Figure 5(b) demonstrates the electrical gating for packet switching discussed as in Fig. 2(b). The CNMS signal used here is a 62.5 MHz electronic signal with rise and fall times < 1 ns. It is generated by a pulse generator and then amplified using an RF amplifier. The output power of the amplifier is 20 dBm for a 50 Ω load, which corresponds to a ~ 6 V swing. Due to the impedance mismatch, however, the actual CNMS-generated voltage swing across the EAM is smaller. DC operating point of the EAM is optimized using a bias tee. In this configuration the EAM output at λ 2=1535.8 nm is observed with a 1 GHz square wave signal at λ 1=1551.7 nm present on the PD as test data with an average absorbed power of ~ 6 mW. The inset of Fig. 5(b) shows the transient of the electronic disabling of the switch, as well as the pulse train at the PD input. The electronic signal applied to the EAM gates the optical switching within <2.5 ns, electrically packet switching the optical wavelength conversion. Note here that for basic switch operation bypass capacitors are required to provide a local low impedance “power supply” for the high-speed currents inside the devices, effectively isolating the high-speed device operation from external parasitics. Especially for high data rates, these capacitors have to be implemented on-chip to avoid parasitics. These bypass capacitors, however, also limit the rise time of the electronic CNMS signal to be delivered to the circuit, so care has to be taken in the design of these capacitors.
Figure 5(c) shows gating for packet switching with an optical control input, corresponding to the configuration summarized in Fig. 2(c). In this configuration both the PD and the EAM are constantly reverse biased. A 3 GHz square wave signal at λ 2=1550 nm is coupled into the EAM as test data. The optical CNMS signal, a square wave at 187.5 MHz with rise and fall times of 25 ps at wavelength λ 1=1551.7, is incident on the PD with an average absorbed power of ~ 6 mW. The optical control signal at λ 1 gates the data at λ 2. The inset of Fig. 5(c) shows the transient of the switch being disabled, as well as the pulse train at the EAM input. Data transmission ceases when the optical CNMS signal disables the switch within a reconfiguration time of <300 ps.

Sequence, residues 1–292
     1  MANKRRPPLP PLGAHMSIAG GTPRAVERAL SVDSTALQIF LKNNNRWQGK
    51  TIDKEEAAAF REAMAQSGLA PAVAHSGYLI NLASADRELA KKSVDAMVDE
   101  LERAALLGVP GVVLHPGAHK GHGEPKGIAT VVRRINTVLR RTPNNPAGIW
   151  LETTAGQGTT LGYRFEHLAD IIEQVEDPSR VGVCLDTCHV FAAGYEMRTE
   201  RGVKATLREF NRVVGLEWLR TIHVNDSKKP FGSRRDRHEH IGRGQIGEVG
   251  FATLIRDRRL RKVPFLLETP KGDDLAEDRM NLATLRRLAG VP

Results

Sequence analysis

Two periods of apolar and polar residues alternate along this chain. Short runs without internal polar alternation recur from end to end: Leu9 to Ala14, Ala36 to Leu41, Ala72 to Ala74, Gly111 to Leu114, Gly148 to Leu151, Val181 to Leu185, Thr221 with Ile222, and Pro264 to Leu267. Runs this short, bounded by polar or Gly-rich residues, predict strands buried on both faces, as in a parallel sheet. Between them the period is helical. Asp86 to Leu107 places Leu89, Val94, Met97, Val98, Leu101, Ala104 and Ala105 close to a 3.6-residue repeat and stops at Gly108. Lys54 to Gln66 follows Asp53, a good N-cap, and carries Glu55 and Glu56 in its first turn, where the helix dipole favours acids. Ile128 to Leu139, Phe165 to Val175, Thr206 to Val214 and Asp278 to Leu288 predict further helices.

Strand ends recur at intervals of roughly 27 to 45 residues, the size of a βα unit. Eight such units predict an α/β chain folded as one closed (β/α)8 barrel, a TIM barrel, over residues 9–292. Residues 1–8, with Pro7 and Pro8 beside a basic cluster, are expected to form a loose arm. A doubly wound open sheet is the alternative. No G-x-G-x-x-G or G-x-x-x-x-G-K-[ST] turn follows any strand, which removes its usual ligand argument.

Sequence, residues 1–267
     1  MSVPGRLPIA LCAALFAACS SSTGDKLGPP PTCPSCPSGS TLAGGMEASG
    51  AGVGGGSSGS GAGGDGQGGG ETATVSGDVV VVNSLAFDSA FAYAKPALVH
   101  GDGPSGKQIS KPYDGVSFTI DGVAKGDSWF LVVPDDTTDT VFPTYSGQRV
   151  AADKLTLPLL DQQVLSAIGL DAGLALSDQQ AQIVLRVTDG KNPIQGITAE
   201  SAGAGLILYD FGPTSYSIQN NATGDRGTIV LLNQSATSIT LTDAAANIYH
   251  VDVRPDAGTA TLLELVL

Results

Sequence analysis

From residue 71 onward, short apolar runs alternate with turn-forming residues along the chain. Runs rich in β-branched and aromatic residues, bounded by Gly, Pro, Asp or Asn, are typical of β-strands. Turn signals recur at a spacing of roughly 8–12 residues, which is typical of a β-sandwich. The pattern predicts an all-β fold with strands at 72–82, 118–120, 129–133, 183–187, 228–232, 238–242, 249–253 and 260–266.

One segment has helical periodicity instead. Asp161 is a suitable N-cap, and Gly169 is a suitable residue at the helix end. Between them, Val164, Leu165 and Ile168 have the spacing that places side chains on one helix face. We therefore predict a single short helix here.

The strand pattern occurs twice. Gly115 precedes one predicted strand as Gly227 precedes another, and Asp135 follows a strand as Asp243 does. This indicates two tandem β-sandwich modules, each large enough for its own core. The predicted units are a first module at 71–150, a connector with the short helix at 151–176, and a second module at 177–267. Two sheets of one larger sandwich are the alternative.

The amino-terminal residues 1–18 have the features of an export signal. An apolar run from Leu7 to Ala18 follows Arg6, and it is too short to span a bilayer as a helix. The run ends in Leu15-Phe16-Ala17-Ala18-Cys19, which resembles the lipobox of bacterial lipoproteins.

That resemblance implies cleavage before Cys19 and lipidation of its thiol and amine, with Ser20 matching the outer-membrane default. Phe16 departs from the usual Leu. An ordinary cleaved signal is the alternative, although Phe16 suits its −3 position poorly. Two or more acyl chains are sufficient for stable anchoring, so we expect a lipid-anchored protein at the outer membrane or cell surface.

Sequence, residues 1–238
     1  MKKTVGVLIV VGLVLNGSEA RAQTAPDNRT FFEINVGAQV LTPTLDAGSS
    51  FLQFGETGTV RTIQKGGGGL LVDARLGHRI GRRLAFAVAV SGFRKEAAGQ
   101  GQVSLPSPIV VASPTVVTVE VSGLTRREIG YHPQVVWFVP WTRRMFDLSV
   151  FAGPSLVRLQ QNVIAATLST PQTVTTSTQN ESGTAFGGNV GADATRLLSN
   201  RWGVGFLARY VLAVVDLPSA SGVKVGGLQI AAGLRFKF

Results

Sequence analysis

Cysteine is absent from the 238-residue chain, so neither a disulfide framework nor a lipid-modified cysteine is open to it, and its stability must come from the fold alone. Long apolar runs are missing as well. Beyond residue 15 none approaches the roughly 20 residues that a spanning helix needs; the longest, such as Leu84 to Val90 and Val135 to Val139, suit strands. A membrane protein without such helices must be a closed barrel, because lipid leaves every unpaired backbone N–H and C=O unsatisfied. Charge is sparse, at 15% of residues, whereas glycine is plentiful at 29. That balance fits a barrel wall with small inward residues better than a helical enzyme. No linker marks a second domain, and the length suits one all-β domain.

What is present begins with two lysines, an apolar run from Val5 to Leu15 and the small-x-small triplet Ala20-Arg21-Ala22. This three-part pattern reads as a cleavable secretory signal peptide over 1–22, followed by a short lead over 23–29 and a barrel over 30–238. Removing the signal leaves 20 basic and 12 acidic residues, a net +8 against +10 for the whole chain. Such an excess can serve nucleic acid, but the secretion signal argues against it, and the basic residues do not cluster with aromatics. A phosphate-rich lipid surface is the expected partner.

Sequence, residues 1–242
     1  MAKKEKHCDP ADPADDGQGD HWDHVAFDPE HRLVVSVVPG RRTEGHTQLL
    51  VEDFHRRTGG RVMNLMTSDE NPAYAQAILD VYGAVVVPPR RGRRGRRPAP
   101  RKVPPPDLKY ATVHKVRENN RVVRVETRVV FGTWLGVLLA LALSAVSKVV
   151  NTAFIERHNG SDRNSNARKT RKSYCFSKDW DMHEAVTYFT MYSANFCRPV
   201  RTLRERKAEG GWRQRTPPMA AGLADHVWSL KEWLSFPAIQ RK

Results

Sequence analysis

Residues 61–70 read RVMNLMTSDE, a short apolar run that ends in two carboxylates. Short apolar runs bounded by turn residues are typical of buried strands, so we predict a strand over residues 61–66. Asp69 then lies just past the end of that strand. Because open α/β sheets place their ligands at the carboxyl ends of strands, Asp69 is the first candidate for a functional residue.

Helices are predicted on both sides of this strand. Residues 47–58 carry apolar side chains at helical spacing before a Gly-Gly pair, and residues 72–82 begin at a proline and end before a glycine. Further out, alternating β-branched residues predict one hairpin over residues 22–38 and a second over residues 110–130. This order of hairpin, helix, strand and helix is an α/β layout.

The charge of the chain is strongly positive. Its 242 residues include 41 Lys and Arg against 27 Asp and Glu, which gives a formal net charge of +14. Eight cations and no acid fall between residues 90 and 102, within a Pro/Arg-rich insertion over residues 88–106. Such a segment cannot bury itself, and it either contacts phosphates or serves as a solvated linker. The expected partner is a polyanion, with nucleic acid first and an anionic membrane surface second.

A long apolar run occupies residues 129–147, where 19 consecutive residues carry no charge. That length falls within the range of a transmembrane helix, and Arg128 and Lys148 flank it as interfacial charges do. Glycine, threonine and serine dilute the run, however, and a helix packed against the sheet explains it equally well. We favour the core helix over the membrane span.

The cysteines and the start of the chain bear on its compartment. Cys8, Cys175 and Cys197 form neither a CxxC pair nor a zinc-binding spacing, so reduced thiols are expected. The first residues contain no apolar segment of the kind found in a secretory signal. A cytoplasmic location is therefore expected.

Figure 5(d) demonstrates optically-controlled gating for packet switching together with wavelength conversion, corresponding to the configuration depicted in Fig. 2(d). In this case the PD and the EAM are constantly reverse biased. Incident on the PD are both the 1 Gb/s data stream at λ 1=1551.7 nm and the optical CNMS signal, a square wave at 62.5 MHz at λ cont=1547.3 nm with ~7 mW of total average absorbed power on the PD. A continuous-wave signal at λ 2=1539.2 nm is coupled into the EAM and the output at λ 2 is observed. The inset of Fig. 5(d) shows the transition region in more detail. When the CNMS signal becomes low, the switch is disabled within a reconfiguration time of <1 ns and no data is observed at the output. Due to the nonlinearity of the EAM, the “high” level in either one of the two signals incident on the PD is not sufficient to generate enough photocurrent to drive the EAM and enable optical transmission through it. The two-level zero signal appearing between the packets is a result of the minor absorption change in the EAM due to the presence of the data signal alone in the absence of the CNMS signal.
In summary, we present a multifunctional integrated photonic switch that incorporates a monolithically integrated, surface-normal photodiode and a quantum well electroabsorption modulator. Integrated PD-EAMs make multifunctional photonic switches that exhibit low-power, high-speed operation with high extinction ratios across a wide wavelength band (full C band). The switches provide multiple network functions on a single chip. We demonstrate both optical wavelength conversion (at 3.5 Gb/s) and electrical packet switching (in < 2.5 ns) on the same optical channel using a single switch. Alternatively an optical control signal can be used for optical packet switching in < 300 ps without wavelength conversion and in < 1 ns with wavelength conversion. Our device characterization and modeling lead us to predict the feasibility of 10 Gb/s operation, by scaling down diode capacitances and thin film resistance, and minimizing parasitics .
The authors acknowledge Intel Corporation for the research funding, Dr. Jasper Hanberg of Intel GIGA ApS and OEpic Inc. for the epitaxial wafer growth, PTAP (funded by DARPA and NSF) for additional support and Thorlabs Inc. for the waveguide alignment setup. O. Fidaner also acknowledges Lucent Technologies Stanford Graduate Fellowship.